Nissan made this list for the first time, having added languages and improving global consistency and navigation.
As a group, the top 25 websites support an average of 54 languages (up from 52 last year)
GoDaddy, a new addition to the Report Card, wasted little time in making this list. Its global gateway is worth studying.
Luxury brands such as Gucci and Ralph Lauren continue to lag in web globalization — from poor support for languages to inadequate localization.
The average number of languages supported by all 150 global websites is now 31.
Absolutely not. We have never and will never accept money in return for inclusion within the report. Some of our consulting clients over the years have been included in one or more reports and they have used our methodology to help drive positive change within these organizations. That said, we take pride in creating a report that is self-funded and completely independent in focus, content, and findings.
Report author John Yunker reviews every website — and has done so for every edition of the report. No work is outsourced. This historical understanding of each website (combined with one-on-one interviews with many of the executives who manage these global websites) provides valuable and actionable findings and recommendations.
We survey a wide swath of global companies across all major industries to provide a well-rounded overview of the state of web globalization. Within each industry, we include the leading companies with a focus on brand leadership. We include more than 30% of the Fortune 100 companies and 80% of the 2016 Interbrand 100 Best Global Brands.
Many of the companies benchmarked within this report have purchased the report for multiple years. Purchasers include Cisco Systems, Deloitte, Panasonic, FedEx, Philips, and The World Bank. There are companies not included in this report that also use it regularly, such as global consulting and IT firms and various government agencies.
Web globalization best practices may emerge in any industry. By keeping a broad focus on all major industries, we are able to point executives to those companies and industries that are doing the best job of presenting themselves to the world. Every company included does have peers by which it can be evaluated. In the end, our goal is to provide a truly global perspective on which companies and industries are the most active and successful in web globalization. Only through casting a wide net do we achieve this goal.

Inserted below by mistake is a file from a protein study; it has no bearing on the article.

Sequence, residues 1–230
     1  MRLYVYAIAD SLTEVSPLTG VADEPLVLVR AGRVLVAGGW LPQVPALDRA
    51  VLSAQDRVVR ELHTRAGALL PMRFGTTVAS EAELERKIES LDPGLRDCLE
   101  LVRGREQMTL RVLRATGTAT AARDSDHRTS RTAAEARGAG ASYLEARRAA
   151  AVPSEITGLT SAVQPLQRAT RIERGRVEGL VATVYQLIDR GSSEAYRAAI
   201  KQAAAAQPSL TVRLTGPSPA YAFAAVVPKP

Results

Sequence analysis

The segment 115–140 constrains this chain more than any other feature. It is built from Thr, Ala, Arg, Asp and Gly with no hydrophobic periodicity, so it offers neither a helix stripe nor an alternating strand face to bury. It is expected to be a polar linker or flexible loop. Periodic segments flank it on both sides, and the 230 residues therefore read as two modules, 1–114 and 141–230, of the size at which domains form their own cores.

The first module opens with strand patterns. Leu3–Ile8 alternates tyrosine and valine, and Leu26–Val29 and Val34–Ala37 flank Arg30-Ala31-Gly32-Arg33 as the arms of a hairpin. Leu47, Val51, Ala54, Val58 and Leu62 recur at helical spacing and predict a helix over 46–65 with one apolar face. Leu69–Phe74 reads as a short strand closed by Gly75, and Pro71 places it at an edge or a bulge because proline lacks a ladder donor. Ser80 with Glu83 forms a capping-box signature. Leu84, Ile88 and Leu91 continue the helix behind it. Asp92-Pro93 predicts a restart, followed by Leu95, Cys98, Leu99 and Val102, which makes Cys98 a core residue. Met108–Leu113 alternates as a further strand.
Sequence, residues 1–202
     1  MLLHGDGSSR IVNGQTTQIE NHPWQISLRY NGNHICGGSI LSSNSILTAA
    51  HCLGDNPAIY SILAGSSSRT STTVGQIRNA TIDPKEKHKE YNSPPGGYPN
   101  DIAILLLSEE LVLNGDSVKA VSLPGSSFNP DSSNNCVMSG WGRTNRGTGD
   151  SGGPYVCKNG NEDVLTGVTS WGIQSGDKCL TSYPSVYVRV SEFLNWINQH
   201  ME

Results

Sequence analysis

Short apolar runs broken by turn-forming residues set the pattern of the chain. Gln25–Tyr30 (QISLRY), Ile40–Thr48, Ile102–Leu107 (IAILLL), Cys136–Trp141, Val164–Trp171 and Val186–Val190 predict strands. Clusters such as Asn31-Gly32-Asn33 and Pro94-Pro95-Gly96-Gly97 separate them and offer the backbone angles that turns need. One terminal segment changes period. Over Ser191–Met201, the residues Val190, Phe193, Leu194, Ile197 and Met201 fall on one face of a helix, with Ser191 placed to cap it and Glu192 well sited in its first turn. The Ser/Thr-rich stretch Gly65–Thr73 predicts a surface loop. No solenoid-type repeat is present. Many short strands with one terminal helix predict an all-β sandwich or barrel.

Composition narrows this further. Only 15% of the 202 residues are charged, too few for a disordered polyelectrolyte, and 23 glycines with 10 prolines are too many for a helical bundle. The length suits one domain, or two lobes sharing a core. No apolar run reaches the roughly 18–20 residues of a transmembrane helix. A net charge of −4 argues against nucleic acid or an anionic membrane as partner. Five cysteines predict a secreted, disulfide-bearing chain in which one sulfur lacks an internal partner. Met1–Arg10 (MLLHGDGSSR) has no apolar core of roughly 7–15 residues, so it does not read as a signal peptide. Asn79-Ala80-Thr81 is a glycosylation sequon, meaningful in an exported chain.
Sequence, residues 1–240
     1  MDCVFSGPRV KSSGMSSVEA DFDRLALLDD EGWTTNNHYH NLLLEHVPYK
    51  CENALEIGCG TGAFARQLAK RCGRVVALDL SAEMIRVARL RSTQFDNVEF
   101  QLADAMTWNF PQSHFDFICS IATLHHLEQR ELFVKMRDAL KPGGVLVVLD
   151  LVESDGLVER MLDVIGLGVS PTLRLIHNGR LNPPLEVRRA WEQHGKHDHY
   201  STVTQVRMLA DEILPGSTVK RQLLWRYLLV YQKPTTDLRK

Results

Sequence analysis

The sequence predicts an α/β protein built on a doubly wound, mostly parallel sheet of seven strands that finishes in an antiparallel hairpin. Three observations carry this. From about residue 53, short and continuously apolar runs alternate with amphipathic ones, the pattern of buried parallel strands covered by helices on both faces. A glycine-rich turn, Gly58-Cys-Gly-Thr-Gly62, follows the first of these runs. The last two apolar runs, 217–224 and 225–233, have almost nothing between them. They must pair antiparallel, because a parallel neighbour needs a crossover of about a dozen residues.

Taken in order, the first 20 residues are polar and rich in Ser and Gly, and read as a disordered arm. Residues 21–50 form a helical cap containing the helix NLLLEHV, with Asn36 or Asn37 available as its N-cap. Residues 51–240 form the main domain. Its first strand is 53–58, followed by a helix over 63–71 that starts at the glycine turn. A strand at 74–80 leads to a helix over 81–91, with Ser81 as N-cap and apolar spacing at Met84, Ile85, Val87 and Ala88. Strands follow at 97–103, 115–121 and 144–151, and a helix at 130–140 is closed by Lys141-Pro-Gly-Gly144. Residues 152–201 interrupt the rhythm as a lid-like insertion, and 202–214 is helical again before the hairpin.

The Report Card analyzes each website according to the following four criteria:
Author John Yunker will share key findings from the report and, if your company is included in the report, will share in-depth recommendations. If your company is not included in the report, he will review your website during the call, pointing out best practices and room for improvement. Every phone call is customized to the client's needs and may cover topics such as:
Some clients elect to combine the presentation with onsite training and cross-team meetings. Over the years, John Yunker has presented at dozens of companies across three continents. Please contact us for more information.
Since 2000, John Yunker has helped hundreds of companies improve their global content, websites and software. He authored the first book devoted to the emerging field of web globalization Beyond Borders, as well as the newest, Think Outside the Country. John speaks at numerous industry events, including Localization World, Internet Retailer, and the Unicode Conference and has been quoted on global topics in publications including The Wall Street Journal and The New York Times. He writes the popular web globalization blog Global by Design.
The Web Globalization Report Card is a copyright of Byte Level Research LLC. Trademark pending.